Rupert Reid (Baritone) as his surname suggests, is the most prolific bibliophile in the group. His reading abilities have frequently caused his friends and colleagues to turn as green as a hundred-dollar note with envy, as he covers a week’s worth of research simply over a long lunch. Other pastimes include his abiding passion for fine art: he has been known to spend hours on end scouring the vast resources of the Internet for high-resolution versions of his favourite masterpieces — and he acknowledges his enormous debt for this hobby to his friend and artistic mentor, the famous Kenyan chief Mr A Irbus. Following in the footsteps of his father, an Athletics Blue, Rupert won gold in the Kent Iron Man competition, the scars of which he bears to this day.
Edward de Minckwitz (Baritone) joins Collegium Regale having sung for two years in the prestigious choir of another Cambridge college (Homerton). He spends most of his time researching the causes and effects of facial illnesses, most recently the virus “Oblicze Poradnik” alleged by some to be developing in his native Poland. Although he speaks only GCSE standard Polish, Edward’s commitment to that country is overwhelming; he even keeps a pet “Bagnella” (a Polish nocturnal hamster) in his rooms, and the need to exercise it every evening, combined with his heavy academic commitment, means that he rarely gets much sleep. When he is not at home in Kdzierzyn Koie Brzeg (Edward will be delighted to help provide pronunciation tips after the concert) he lives in Solihull, which, he informs us, is nowhere near Birmingham.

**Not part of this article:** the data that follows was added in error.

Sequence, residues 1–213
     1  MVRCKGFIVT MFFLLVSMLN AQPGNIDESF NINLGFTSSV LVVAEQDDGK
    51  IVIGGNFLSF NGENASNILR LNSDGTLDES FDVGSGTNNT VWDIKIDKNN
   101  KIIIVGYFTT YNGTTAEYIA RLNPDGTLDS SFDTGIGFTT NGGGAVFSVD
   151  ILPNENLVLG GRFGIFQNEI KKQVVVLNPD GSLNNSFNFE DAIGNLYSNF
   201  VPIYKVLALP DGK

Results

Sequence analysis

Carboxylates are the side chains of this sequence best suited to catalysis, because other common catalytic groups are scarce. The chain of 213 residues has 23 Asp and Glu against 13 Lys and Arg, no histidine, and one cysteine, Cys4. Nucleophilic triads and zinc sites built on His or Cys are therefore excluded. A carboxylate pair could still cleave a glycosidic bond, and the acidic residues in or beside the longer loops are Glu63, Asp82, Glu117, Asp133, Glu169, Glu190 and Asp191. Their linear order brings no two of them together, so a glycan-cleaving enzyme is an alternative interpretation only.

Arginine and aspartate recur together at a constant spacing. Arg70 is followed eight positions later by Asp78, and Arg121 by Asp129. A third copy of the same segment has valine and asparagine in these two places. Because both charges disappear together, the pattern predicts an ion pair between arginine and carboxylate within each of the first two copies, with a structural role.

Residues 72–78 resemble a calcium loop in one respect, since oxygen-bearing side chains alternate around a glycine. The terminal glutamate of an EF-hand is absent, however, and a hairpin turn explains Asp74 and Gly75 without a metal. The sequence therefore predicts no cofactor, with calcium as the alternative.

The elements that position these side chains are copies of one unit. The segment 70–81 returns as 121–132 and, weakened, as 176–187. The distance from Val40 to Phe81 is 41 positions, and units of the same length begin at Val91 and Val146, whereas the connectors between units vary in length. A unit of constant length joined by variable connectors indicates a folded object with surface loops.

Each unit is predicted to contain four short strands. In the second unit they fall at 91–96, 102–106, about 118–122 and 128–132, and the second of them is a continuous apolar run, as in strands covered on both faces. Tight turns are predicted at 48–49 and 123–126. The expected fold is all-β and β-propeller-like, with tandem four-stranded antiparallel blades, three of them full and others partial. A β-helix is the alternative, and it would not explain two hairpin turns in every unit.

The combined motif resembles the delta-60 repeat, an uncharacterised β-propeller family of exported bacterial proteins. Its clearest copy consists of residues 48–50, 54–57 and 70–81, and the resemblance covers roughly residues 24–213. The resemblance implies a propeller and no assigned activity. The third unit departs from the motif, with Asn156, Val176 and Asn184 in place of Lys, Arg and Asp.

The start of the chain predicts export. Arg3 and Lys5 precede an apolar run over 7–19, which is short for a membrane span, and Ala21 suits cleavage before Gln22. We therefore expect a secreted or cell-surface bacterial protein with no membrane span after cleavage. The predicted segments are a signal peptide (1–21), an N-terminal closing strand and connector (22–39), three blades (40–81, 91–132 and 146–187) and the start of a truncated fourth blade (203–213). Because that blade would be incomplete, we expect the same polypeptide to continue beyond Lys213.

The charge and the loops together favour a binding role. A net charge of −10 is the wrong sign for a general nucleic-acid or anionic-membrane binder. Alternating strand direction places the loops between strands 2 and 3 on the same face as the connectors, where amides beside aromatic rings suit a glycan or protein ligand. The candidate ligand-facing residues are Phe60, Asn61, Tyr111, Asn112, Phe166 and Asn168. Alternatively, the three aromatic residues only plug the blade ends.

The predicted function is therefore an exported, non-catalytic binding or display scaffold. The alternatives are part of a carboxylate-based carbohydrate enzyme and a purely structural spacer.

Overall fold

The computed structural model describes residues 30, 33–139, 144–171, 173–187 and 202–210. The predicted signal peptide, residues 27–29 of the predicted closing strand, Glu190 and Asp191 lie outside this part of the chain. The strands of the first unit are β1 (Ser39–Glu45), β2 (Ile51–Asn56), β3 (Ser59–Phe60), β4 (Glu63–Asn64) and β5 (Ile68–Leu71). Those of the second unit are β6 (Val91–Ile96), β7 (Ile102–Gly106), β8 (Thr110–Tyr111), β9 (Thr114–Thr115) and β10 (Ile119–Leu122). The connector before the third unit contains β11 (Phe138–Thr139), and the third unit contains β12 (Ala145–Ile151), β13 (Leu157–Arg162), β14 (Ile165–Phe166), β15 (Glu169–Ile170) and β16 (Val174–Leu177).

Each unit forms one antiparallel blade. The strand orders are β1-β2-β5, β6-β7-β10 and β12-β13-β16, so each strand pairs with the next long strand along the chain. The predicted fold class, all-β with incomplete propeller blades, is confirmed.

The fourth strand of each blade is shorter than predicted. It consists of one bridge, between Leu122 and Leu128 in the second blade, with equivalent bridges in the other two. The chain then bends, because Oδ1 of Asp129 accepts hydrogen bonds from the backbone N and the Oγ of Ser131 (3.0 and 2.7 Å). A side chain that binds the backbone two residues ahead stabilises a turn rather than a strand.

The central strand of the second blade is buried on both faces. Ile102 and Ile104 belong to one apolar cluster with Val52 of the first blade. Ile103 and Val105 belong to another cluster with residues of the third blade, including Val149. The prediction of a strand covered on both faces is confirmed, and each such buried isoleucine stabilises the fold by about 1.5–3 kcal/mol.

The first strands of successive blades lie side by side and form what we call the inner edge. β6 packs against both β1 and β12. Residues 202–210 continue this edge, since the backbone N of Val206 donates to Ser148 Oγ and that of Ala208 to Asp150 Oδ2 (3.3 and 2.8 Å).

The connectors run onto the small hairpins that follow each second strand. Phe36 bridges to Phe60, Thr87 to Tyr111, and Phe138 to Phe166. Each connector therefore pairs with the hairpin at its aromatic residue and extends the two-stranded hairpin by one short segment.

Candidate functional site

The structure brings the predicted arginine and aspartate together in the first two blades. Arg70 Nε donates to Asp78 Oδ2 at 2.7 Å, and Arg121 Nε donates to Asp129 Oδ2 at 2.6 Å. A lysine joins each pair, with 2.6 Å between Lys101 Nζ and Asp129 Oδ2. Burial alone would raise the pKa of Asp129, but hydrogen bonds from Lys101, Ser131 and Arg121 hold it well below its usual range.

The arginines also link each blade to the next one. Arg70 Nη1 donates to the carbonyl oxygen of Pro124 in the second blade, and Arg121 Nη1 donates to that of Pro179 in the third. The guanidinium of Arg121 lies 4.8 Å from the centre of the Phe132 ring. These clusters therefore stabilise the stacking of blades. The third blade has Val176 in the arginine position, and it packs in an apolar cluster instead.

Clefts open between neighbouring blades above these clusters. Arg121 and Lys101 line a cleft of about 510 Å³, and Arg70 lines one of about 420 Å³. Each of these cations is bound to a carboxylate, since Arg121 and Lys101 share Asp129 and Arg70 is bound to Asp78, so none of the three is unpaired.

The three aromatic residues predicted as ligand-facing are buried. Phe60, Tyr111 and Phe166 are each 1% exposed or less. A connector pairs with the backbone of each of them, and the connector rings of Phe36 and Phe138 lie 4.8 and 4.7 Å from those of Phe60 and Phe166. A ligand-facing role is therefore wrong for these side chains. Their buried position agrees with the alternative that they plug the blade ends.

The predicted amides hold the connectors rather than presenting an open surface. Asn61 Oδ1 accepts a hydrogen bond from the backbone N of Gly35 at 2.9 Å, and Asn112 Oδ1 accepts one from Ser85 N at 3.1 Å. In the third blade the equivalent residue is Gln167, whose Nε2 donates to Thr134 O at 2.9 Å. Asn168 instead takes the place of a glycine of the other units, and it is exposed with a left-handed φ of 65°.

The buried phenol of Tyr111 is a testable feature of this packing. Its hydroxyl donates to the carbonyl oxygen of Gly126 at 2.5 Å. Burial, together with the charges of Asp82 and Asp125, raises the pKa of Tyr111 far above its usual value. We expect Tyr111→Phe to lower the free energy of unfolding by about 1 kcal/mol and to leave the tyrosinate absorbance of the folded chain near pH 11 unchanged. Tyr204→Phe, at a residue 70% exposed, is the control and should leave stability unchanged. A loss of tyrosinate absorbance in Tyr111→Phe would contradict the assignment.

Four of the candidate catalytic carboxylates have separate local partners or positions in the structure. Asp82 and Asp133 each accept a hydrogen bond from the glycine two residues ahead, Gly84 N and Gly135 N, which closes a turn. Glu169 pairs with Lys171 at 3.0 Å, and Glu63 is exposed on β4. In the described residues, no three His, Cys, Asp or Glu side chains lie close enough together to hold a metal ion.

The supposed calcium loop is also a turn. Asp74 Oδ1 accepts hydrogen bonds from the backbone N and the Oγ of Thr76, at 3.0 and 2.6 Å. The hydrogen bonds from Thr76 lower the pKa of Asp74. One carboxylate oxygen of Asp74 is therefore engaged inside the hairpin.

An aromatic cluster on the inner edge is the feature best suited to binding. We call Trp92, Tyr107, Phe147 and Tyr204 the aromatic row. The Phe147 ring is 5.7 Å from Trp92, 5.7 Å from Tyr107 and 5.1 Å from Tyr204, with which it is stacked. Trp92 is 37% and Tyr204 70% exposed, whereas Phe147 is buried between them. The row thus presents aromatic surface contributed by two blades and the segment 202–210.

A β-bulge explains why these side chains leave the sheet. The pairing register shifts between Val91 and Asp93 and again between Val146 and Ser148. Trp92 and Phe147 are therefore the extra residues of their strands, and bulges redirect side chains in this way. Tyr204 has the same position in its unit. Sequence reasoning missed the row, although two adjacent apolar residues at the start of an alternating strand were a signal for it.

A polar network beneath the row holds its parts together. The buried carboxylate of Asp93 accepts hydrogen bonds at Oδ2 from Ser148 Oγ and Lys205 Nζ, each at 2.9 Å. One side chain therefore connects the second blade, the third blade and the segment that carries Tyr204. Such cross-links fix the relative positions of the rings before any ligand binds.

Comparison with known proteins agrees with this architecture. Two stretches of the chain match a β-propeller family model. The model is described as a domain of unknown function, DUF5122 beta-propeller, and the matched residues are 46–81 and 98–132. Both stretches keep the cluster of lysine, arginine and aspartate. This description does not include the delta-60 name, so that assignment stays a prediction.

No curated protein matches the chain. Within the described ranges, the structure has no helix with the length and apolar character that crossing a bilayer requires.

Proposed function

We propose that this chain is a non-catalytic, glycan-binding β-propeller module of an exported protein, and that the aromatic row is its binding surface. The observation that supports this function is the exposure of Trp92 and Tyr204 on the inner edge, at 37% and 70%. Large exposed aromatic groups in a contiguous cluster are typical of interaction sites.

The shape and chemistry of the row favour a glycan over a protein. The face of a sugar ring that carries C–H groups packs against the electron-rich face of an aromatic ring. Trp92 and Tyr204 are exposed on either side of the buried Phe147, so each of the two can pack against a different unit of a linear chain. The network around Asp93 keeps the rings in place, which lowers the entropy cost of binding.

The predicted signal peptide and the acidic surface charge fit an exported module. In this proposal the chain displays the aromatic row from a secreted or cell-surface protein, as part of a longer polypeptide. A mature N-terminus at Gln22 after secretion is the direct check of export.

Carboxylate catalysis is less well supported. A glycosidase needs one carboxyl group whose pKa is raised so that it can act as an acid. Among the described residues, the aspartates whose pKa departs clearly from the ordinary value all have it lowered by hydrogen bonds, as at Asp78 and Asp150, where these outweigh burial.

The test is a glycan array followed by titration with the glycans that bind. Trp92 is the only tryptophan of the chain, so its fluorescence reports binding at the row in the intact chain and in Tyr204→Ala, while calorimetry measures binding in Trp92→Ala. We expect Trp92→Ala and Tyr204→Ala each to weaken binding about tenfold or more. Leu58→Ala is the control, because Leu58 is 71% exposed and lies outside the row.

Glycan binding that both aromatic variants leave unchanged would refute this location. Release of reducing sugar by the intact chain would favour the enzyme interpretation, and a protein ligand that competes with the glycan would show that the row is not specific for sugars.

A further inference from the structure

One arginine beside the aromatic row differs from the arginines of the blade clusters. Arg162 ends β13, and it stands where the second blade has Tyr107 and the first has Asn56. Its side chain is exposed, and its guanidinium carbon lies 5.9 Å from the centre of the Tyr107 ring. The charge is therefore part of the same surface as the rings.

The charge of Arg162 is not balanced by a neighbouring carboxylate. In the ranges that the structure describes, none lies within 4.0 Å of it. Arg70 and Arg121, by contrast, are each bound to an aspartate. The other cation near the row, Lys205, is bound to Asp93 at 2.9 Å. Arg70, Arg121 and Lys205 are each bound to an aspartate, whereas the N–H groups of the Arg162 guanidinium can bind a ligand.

Peter Lindsay (Bass I) is a man for all seasons: his catholic taste in all things means he finds himself equally at home in the hallowed stalls of King’s Chapel as in the more raucous surroundings of the College’s famous red bar (recently repainted). Like many other members of the group, his passion for modern technology has made him countless numbers of friends, some of whom are still in contact with him, despite his rather unconventional dress-sense — best exemplified by his life-long love of wearing his favourite macintosh on glorious summer days.